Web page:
Consider Socially Responsible ETF Strategies That Reflect Your Beliefs

As socially responsible investments begin to proliferate and gain wider recognition, exchange traded fund investors should consider these potential opportunities that can help enhance their portfolio.

“You do not have to accept underperformance as a trade-off for incorporating sustainable funds,” Jennifer Tarsney, Director, Practice Management, New York Life Investments, said in the recent webcast, Sustainable Investing for a Sustainable Business. “That is an absolute myth.”

Tarsney pointed out that over a 5-year time frame, 64% of sustainable funds performed in the top half of their categories. Looking at the 1-year and 3-year performances, the number moves closer to 70%. So, they actually overrepresent the top half of all funds. During the 1st quarter, when volatility was at its peak, sustainable funds really outperformed, with 44% in the top quartile – a major overweight.

Meanwhile, investors noticed this growing trend and have funneled record inflows into the ESG category, while many traditional strategies suffered massive outflows. In April 2020, sustainable funds enjoyed their most significant monthly inflows ever, which followed the 1st quarter flows here in the U.S. of $7.3 billion, a quarterly record, and an amount that represented over half of the total flows for all of 2019.

In a recent New York Life Investments survey of affluent investors over the age of 25 with over $250,000 in investable assets, the results showed that an increasing number of younger individuals are becoming more socially conscientious with their investment decisions. For instance, 57% of 25-39-year-olds were aware of ESG fund strategies, and 46% have already invested in them. The younger age group also want their investments to address issues like global warming, climate change, and sustainability. While the younger generation favors more sustainable investments, an overwhelming majority across all age groups also showed openness to the idea.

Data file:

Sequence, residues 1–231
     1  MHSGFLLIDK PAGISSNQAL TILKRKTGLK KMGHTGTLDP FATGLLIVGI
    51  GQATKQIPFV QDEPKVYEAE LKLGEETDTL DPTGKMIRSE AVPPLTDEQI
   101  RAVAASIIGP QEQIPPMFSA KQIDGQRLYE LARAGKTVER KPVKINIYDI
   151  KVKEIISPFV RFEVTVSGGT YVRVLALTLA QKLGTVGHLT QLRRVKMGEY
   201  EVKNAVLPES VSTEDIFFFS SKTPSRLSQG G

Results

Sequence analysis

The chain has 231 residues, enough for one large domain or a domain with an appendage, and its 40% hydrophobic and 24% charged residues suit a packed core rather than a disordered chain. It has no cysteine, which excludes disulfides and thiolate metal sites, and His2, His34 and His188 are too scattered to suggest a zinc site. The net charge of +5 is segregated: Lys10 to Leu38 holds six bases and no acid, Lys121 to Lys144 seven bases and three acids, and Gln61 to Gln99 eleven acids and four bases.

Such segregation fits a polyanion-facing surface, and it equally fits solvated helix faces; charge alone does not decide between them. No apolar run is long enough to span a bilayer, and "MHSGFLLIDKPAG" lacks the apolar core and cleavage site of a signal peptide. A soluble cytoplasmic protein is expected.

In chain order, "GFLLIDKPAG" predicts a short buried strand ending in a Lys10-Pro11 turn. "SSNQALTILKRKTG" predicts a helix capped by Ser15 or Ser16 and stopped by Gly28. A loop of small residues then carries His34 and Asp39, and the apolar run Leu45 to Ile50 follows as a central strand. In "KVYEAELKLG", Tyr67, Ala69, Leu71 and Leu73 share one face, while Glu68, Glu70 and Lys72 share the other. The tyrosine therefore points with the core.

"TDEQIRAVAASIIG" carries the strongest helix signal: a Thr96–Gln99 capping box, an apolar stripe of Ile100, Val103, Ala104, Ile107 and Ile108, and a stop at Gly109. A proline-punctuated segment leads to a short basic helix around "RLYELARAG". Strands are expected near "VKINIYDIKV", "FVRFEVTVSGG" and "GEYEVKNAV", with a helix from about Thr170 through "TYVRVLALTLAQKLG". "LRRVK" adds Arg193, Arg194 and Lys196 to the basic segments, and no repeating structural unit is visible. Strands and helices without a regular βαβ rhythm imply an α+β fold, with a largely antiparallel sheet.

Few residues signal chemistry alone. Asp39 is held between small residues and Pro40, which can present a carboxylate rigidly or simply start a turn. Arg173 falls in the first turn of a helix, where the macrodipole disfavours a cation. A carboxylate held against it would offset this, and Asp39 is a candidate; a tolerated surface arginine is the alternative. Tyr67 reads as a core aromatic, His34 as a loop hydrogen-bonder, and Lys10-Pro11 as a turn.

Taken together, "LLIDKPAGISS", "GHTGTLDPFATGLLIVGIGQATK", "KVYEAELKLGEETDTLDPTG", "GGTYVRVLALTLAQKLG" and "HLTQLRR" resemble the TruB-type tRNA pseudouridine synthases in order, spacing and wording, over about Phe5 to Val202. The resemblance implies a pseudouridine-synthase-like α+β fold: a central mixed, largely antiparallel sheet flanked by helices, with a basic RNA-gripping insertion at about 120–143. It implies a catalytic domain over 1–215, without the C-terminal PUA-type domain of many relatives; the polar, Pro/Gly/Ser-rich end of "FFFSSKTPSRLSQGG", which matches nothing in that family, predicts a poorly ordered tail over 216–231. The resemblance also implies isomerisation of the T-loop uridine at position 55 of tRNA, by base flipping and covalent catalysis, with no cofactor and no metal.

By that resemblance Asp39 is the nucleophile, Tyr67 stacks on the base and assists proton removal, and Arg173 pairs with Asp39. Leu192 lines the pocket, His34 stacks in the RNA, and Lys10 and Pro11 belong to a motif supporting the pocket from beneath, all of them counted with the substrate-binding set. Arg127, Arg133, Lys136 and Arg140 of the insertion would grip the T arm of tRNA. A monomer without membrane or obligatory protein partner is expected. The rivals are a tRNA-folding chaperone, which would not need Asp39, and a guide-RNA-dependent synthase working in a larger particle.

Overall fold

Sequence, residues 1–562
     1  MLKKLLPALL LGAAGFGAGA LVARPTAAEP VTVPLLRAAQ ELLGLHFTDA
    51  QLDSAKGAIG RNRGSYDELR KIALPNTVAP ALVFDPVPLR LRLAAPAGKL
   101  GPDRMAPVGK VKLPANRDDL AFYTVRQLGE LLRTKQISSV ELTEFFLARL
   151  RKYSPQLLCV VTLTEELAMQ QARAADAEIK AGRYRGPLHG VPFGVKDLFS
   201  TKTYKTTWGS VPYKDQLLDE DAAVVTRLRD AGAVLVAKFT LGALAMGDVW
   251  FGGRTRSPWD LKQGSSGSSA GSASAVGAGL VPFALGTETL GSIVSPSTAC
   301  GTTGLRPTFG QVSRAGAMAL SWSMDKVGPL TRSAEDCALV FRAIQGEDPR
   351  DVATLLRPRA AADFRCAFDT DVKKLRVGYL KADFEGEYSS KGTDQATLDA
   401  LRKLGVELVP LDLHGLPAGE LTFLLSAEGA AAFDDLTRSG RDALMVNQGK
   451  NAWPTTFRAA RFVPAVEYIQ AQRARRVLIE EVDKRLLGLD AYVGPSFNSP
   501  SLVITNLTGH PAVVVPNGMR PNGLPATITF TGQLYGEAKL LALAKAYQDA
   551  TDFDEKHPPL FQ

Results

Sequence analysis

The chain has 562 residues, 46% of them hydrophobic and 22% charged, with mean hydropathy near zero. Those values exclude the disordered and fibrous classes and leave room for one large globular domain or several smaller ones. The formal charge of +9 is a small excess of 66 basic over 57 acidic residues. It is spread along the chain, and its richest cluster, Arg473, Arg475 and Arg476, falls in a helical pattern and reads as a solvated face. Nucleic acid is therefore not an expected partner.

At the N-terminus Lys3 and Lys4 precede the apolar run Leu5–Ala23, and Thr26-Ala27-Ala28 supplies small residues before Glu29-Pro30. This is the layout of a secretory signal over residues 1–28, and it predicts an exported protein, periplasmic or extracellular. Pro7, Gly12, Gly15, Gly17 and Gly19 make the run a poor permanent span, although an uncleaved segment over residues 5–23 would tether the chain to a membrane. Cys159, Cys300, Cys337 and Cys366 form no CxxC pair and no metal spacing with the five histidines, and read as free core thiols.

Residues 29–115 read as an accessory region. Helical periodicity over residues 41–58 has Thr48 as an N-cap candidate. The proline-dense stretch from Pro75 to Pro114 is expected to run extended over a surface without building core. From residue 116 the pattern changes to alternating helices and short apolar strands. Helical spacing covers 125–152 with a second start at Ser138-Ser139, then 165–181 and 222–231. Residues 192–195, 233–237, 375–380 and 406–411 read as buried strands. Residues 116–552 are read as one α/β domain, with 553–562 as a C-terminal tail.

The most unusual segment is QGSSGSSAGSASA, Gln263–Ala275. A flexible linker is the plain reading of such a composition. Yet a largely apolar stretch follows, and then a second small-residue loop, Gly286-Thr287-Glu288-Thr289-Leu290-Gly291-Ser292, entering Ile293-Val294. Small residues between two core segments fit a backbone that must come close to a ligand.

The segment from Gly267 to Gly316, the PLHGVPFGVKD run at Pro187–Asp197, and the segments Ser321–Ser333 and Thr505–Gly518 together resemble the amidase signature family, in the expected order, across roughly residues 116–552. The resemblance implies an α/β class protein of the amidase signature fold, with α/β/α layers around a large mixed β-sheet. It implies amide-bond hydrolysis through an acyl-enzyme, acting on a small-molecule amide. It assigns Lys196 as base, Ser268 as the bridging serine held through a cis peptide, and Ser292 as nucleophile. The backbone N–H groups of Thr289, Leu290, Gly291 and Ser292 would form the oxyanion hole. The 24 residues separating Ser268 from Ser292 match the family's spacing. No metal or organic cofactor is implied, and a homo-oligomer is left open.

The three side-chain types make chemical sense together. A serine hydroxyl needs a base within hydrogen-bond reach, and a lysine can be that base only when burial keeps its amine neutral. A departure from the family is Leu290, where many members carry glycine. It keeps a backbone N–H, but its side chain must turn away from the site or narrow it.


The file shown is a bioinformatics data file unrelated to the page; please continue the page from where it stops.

“We shouldn’t assume that older clients aren’t interested,” Tarsney said. “We asked what products might you be interested in investing in – you can see that one’s focused on the environment rate the highest across all age groups. If you are wondering how to kick off the conversation, suggesting they look at an environment focused solution might be a safe place to start.”

Many are also more prone to actively consider company values when making a purchase. These “values-driven” consumers take action as a result of concerns about issues as they would boycott a brand, divest a portfolio of a company, or changed types of products or used.

“We found that more than half self-identified as values-driven consumers – way more than those who identified as sustainable investors,” Tarsney said.

“When we looked at the data this way, you can see that the age skews older, so it’s not just millennials. Women were more likely to identify as a value-based consumer, but more than 40% of men did also,” she added.

Consequently, Tarsney argued that there is an evolution of a values-based consumer to a values-based investor where an individual who actively chooses to spend on sustainable products become investors in sustainable products.

According to the recent survey, almost 60% feel that it is essential that their portfolio reflects their personal views. They are even willing to give up returns, which we now know is not a necessary trade-off, and they anticipate that their social aspects will impact their future investment decisions.

However, less than half of the participants know how to create a portfolio that reflects their views, potentially opening an opportunity for an advisor to help and the fund industry to provide education. For example, the survey showed that 75% of women have some interest in discussing sustainable investing with an advisor, but only 27% of women are aware of ESG, SRI, or impact investment options.

“What our women participants told us is that they need more knowledge around finances, they want to ask questions, and they are willing to participate in events where they can learn more and get their questions answered. We are seeing tremendous success among advisors who are focusing on hosting women’s educational events,” Tarsney added.

An excellent place to start may be through the European Sustainable Investment Forum (EUROSIF) and used to screen responsible investments. These strategies are core to discussing sustainable investing with your client base. Specifically, the responsible investing strategies and approaches include responsibility themed, best in class, exclusion, engagement and voting, ESG integration, impact investing, and norms-based screening.

Financial advisors who are interested in learning more about sustainable investing can watch the webcast here on demand.